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Texas Land Conservancy's newest acquisition - 444-acre Llano County ranch

Texas Land Conservancy Special to the Courier

Joyce Lucas, owner of the Birk-Sommerfeld Heritage Ranch in Llano County, donated a conservation easement on the 444-acre working ranch last December, according to a spokesman for the Texas Land Conservancy. The easement will protect the ranch from the damages of land fragmentation and development.
Administrators with the Texas Land Conservancy (TLC) have partnered with Lucas and her family on the protection of what has been described as an "outstanding property, which has both ecological and historical value to Texas and its people." This property represents the 102nd conservation project, bringing the total protected acreage to 75,342.
The Birk-Sommerfeld Heritage Ranch, which has been in the Birk family since 1876, has a classic history for the Hill Country. Once a 1,600-acre working ranch, the property has been passed down and subdivided among descendents until only Joyce's 444-acre parcel and a cousin's several-hundred acre parcel remain in the family. The conservation easement donated on Joyce's land will forever protect these acres from further subdivision.
Over the past decade, Llano County has been hard hit by land fragmentation, resulting in an overall loss of agricultural lands, rising land values and decreasing habitat for native plant and animal communities.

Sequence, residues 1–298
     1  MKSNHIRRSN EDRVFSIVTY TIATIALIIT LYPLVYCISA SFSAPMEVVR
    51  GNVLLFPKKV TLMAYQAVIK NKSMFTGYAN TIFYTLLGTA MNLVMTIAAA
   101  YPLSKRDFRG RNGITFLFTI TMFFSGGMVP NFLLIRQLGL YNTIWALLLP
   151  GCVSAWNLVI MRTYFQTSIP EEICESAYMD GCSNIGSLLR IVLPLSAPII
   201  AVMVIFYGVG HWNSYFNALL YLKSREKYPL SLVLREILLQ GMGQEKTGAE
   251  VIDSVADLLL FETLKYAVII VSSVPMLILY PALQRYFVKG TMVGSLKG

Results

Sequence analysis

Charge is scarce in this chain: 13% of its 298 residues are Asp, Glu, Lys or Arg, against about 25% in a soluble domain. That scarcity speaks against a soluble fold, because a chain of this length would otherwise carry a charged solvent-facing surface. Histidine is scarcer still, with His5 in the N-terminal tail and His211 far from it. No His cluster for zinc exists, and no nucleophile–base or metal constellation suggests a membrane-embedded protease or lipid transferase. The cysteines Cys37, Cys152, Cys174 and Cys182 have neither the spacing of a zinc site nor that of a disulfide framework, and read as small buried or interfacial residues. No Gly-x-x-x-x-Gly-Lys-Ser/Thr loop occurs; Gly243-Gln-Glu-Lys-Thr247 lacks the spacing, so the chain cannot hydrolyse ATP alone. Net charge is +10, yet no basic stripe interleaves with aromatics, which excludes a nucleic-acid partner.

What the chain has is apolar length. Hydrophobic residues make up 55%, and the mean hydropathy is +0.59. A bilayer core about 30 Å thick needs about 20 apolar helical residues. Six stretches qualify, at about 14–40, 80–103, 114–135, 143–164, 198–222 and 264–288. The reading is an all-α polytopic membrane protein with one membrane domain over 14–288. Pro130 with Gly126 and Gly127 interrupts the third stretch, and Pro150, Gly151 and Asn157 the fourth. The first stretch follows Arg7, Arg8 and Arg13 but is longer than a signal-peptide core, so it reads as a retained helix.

According to the Texas Land Trends study, which used data from 1997-2007, by the American Farmland Trust and Texas A&M's Institute for Renewable Natural Resources, Llano County has seen a 40 percent population increase in a decade.
This growth rate is twice as fast as the state as a whole for the same time period. Additionally, land values in Llano County have increased 213 percent in 10 years - more than twice the increase seen state-wide. As a result, large ranches tend to be broken up into smaller pieces to pass down to children, sell to developers or simply make some extra cash.
From 1997-2007, the number of one- to 100-acre properties has increased two-fold, while 500- to 1000-acre and 2000-acre-plus properties have decreased in number. This allows a 444-acre ranch like Birk-Sommerfeld to have a significant impact on the future landscape of Llano County and the Hill Country.
In 1999, the ranch received Centennial Ranch status from the Texas Department of Agriculture, recognizing the ranch's importance to the landscape of rural Texas.
The Family Land Heritage Program honors farms and ranches that have been in continuous agricultural operation by the same family for 100 years or more.
The program is designed to recognize and chronicle the unique history of Texas agriculture and the men and women who settled this great state and continue the tradition today.
With the gently rolling topography and granite outcrops typical of the Hill Country, the Ranch features several native plant communities including Oak Savanna, Floodplain Woodland, and Riparian Woodland and Savanna.
These communities are typical for Hill Country ranches that have not been overly disturbed by development or land fragmentation. This conservation easement also protects significant water resources, including 3,500 feet of the Llano River, and 4,500 feet of Vasterling Creek. Protection of these waterways is beneficial to the water quantity and quality of the entire drainage way, particularly downstream.
The Birk Family Cemetery is located on the ranch as well, and is a valuable historic resource of the Hill Country and the state.

Pictured: The Birk Family Cemetery, located on the Birk-Sommerfeld Heritage Ranch in Llano County, will serve as a valuable historic resource for the Hill Country and the State of Texas.